Empathy is a wonderful thing. It allows us to feel more connected to those around us. It is quite literally the ability to understand and share the feelings of another. Can’t get much more connected than that.
For decades, scientists thought that we were self-interested beings. That we only went after our own needs and wants. But now, things have shifted in how we understand human nature. Neuroscientists have discovered and identified a 10-section “empathy circuit” in our brains. If this gets damaged, it can hinder our ability to understand what other people are feeling.
We are biologically wired for empathy, social cooperation, and connection.
But is there a downside to empathy? That would depend on what type of empath you are.
There are three types of empathy that have been suggested by Psychologist Mark Davis – cognitive empathy, personal distress (self-oriented empathy), and empathic concern (other-oriented empathy).
Cognitive empathy is being able to see things from another’s point of view. This is putting yourself in someone else’s shoes.
Self-oriented empathy is feeling someone else’s emotions as your own. For example, when you are watching a scary movie and you start to empathize with the character and feel afraid, that is personal distress in action. Too much of this is not a good thing, and can be downright exhausting.
Other-oriented empathy is what we most often think of when we think of empathy. This is when we are able to recognize what someone else is feeling. If that emotion is negative, we are able to feel and show the right level of concern. The difference is that we don’t feel that emotion as if we were experiencing it ourself.
I’ve struggled with being a self-oriented empath. There have been days when been I’ve exhausted and drained as a result of taking on the emotions of others.
This ties into my desire to help others. I’ve often had difficulty not taking on the issues of others as my own and trying to solve them.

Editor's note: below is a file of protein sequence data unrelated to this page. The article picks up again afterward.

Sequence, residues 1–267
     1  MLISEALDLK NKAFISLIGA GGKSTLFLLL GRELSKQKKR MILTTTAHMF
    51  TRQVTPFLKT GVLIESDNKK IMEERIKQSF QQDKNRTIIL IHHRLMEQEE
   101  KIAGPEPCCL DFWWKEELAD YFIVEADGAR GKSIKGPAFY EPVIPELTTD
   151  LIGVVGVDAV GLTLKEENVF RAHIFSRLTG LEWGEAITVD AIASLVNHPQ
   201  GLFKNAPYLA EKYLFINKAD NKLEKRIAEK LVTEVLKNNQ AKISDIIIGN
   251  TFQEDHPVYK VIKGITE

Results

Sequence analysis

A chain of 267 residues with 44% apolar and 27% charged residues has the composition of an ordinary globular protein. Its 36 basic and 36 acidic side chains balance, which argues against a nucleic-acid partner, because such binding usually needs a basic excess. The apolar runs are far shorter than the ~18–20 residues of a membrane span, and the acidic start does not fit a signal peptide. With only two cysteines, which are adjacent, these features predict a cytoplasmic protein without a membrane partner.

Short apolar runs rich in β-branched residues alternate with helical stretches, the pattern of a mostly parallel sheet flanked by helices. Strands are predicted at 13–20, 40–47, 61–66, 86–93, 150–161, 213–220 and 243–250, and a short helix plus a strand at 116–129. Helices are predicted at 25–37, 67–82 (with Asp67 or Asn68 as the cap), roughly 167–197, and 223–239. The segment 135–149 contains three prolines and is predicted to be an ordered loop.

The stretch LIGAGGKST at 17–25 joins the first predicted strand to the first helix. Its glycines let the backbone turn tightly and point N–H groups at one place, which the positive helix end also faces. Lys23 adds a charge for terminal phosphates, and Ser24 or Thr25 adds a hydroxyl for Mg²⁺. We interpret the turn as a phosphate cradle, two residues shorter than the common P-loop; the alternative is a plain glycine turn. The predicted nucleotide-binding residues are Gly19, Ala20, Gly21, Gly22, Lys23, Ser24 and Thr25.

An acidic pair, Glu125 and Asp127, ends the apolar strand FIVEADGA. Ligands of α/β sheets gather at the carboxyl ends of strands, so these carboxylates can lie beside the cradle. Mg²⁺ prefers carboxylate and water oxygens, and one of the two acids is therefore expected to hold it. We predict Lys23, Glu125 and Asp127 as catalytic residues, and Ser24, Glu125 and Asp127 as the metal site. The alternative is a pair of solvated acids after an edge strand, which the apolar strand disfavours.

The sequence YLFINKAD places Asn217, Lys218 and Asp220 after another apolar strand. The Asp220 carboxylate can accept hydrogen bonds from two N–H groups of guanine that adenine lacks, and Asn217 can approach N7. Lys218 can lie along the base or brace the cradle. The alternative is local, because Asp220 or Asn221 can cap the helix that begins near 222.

How can we develop better empathy?
“It is easier to speak than it is to listen.” Often, and especially with heated topics, we have already thought about what we’re going to say next before the other person has even finished speaking. We can’t wait to get it out and will often start speaking even before the other person has had a chance to finish.
Practice intently listening and concentrating on what the other person is saying. One tactic I use to work on this is paraphrasing. After the other person has finished speaking, I take a moment to repeat back the coles notes of what they said. Not word for word, but a check to make sure I understood what they were saying. This does two things:
- It ensures that the other person knows I was listening and gives them time to clarify if needed
- It gives me extra time to come up with my own response
Be Curious and Observe
Put down the phone. Look at the people around you and imagine their lives. Who are they? What might they be thinking/feeling? How are they feeling? Do they live here or are they from out of town? Be curious and care about those around you, even if they are strangers. We all have our own stories, and being genuinely curious about others gives us a sense of connection to those around us.
Play Devil’s Advocate
Consider the other side of the debate. This is understandably not easy to do in the heat of the moment, but if we can pretend to be a third person and take the point of view of the other side, it can help us empathize with what the other person is trying to say.
Will we agree with it? Not always, and likely not much of the time at all. But that’s not the point of this exercise. The point is simply to see where the other person is coming from…after all, they are likely just trying to do exactly what we’re doing…trying to get them to see our side of things.
Please follow and like us: